- 43% of UK households have seen their connectivity and streaming needs increase since the start of the pandemic
- 41% of UK households are more concerned about the impact of the internet on well-being than they were pre-pandemic
- Digital fatigue drives 46% to seek downtime from internet enabled devices
- Value-consciousness prevails: 40% believe they pay too much for content
Growing reliance on the digital home has inevitably driven a surge in online behaviours during the COVID-19 pandemic. But rising service adoption is also marked by an increase in consumer fears around digital well-being, which demands an urgent shift in approach from providers.
This is according to the EY study, Decoding the digital home, which evaluates consumer attitudes to digital connectivity, technology and content consumption in the UK, Canada, France, Germany, Italy and the US.
The UK survey of 2,500 respondents finds households adopted a range of services for the first time during national lockdowns. Video calling leads with a 27% rise in adoption, while online health services (up 20%) and education (16%) have also grown exponentially. Forty-three percent of respondents say their internet connectivity needs as well as their TV and streaming needs have increased.
In striking parallel, this trajectory is tempered by rising anxiety; 41% of UK households are more concerned about the impact of the internet on well-being than they were pre-pandemic, while 71% are very cautious about disclosing personal data online. This uptick in concern is particularly pronounced among younger age groups – the UK’s 25-34 year-olds are more concerned than before about data disclosure (54%) than 45-54 year-olds (30%).
Praveen Shankar, EY UK & Ireland Head of Technology, Media and Telecommunications (TMT), says:
“The pandemic has changed the landscape of products and services consumed by households. On the one hand, there is now evidence that digital inclusion has improved, with connectivity and content providers acting as a critical platform for socio-economic interaction. However, long periods spent at home have seen made households anxious about their relationship to the online world. Service providers should build more trusted relationships with their customers in order to ensure that positive adoption trends continue.”
The correlation between demand and anxiety is most pronounced among UK households with young children – 64% noted that their connectivity needs have increased (vs an average of 43% across all respondents) and 57% more likely to consider the impact of the internet on well-being (vs an average of 41%).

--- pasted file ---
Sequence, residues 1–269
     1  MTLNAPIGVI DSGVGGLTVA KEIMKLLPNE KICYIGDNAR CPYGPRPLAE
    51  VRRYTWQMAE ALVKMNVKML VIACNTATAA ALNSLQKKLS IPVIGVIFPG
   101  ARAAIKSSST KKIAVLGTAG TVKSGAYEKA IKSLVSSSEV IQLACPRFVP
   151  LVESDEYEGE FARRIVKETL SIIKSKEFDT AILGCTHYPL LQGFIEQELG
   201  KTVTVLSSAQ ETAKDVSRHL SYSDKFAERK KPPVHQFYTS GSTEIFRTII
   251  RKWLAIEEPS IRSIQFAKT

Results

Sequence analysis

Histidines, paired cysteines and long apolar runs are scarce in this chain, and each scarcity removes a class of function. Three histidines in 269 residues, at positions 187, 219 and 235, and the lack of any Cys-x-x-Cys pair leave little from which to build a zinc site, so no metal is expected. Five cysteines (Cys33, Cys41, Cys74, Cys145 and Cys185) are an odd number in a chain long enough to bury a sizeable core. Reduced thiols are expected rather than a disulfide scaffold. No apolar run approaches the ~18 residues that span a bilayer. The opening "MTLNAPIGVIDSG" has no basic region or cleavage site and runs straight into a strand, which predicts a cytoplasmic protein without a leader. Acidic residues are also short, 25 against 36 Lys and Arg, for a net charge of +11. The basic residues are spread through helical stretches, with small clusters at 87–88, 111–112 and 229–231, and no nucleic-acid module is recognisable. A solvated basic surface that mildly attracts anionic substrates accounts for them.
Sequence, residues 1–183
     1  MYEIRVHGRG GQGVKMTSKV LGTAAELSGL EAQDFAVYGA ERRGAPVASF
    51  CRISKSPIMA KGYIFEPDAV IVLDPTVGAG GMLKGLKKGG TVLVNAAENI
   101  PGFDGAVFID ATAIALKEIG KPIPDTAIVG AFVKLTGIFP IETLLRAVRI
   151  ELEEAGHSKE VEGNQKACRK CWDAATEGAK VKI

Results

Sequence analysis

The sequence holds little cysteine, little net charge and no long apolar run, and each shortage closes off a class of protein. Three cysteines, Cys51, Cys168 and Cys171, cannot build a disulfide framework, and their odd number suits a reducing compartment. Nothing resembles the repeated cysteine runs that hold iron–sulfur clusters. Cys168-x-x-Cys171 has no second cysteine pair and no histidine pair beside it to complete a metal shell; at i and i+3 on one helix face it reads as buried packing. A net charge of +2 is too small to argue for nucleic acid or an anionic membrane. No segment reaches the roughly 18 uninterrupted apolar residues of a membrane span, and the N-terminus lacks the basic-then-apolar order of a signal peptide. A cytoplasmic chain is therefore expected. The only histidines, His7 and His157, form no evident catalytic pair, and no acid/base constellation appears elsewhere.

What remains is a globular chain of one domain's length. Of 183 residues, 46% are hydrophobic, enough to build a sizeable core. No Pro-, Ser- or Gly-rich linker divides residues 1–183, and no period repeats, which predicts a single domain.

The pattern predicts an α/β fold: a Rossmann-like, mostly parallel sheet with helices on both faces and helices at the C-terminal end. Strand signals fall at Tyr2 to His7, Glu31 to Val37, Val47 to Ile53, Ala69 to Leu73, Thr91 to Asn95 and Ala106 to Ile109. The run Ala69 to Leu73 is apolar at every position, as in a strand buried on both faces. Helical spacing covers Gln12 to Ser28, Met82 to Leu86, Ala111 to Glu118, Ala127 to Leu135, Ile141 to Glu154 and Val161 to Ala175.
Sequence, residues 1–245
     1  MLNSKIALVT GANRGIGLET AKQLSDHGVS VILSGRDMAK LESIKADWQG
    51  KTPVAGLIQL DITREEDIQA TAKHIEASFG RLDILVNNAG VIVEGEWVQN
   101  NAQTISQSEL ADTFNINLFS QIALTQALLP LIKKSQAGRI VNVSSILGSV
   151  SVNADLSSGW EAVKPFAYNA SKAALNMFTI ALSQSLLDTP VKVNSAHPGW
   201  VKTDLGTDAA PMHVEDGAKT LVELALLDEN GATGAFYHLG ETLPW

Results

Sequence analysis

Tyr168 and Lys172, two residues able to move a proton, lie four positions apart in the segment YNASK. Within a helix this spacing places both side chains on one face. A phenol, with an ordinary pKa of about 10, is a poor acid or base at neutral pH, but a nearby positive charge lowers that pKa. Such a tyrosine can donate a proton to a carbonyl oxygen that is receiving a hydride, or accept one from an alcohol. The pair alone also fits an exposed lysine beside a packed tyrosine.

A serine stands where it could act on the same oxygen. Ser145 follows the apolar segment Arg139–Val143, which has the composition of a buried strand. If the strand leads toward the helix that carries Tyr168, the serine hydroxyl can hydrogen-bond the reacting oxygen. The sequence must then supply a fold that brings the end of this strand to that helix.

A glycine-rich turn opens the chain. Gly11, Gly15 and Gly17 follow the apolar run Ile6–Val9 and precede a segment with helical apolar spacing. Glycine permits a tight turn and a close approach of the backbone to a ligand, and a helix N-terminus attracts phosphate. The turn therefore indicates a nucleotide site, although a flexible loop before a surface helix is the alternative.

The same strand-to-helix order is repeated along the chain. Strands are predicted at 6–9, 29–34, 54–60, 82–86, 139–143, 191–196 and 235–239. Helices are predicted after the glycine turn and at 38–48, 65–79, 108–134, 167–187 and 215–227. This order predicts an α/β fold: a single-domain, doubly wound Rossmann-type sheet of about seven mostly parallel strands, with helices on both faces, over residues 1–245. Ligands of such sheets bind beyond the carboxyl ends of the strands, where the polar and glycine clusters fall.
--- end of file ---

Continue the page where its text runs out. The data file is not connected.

Content overload and distrust
Many UK households are now at saturation point according to the survey. Forty-six percent of respondents say they seek downtime from smartphones and other internet enabled devices, while 23% would like to reduce the number of streaming platforms they use. Similarly, 46% believe there is too much choice across available connectivity and content bundles.
The survey also unearths concerns around consumer trust. More than a third (34%) of respondents are very concerned about the possibility of encountering harmful content online and 57% of households favour very tight regulation of the internet. Thirty-three percent are also wary about using 5G mobile, despite government reassurances. Once again, younger users stand out with 45% and 47% of 25-34 year-olds saying they are sensitive to harmful content and 5G usage concerns respectively.
Cost saving mindset thwarts positive spending intentions
In some cases, the pandemic has been a catalyst for increased spending intentions, with 24% agreeing that the crisis has made upgrading to 5G more appealing and 22% of customers now receptive to paying a premium for Super HD content. But concerns around the need to control costs are more pronounced than the appetite to upgrade. Forty percent of respondents believe they already pay too much for content, and half (50%) say their household’s priority is to spend as little as possible on communication services. Overall, 41% of UK households do not believe their broadband provider does enough to ensure they are on the best deal.
Adrian Baschnonga, EY Global Telecommunications Lead Analyst, says:
“Providers must not take the goodwill they have generated during the pandemic for granted. Demand for connectivity and content has risen but is overshadowed by deep-rooted desire for value alongside signs of fatigue with the digital world. To thrive in the future, they need to provide simple and intuitive services that reduce the sense of overload felt by consumers and offer better rationales for spending more. Providers that work together to solve digital well-being challenges stand to win in the market.”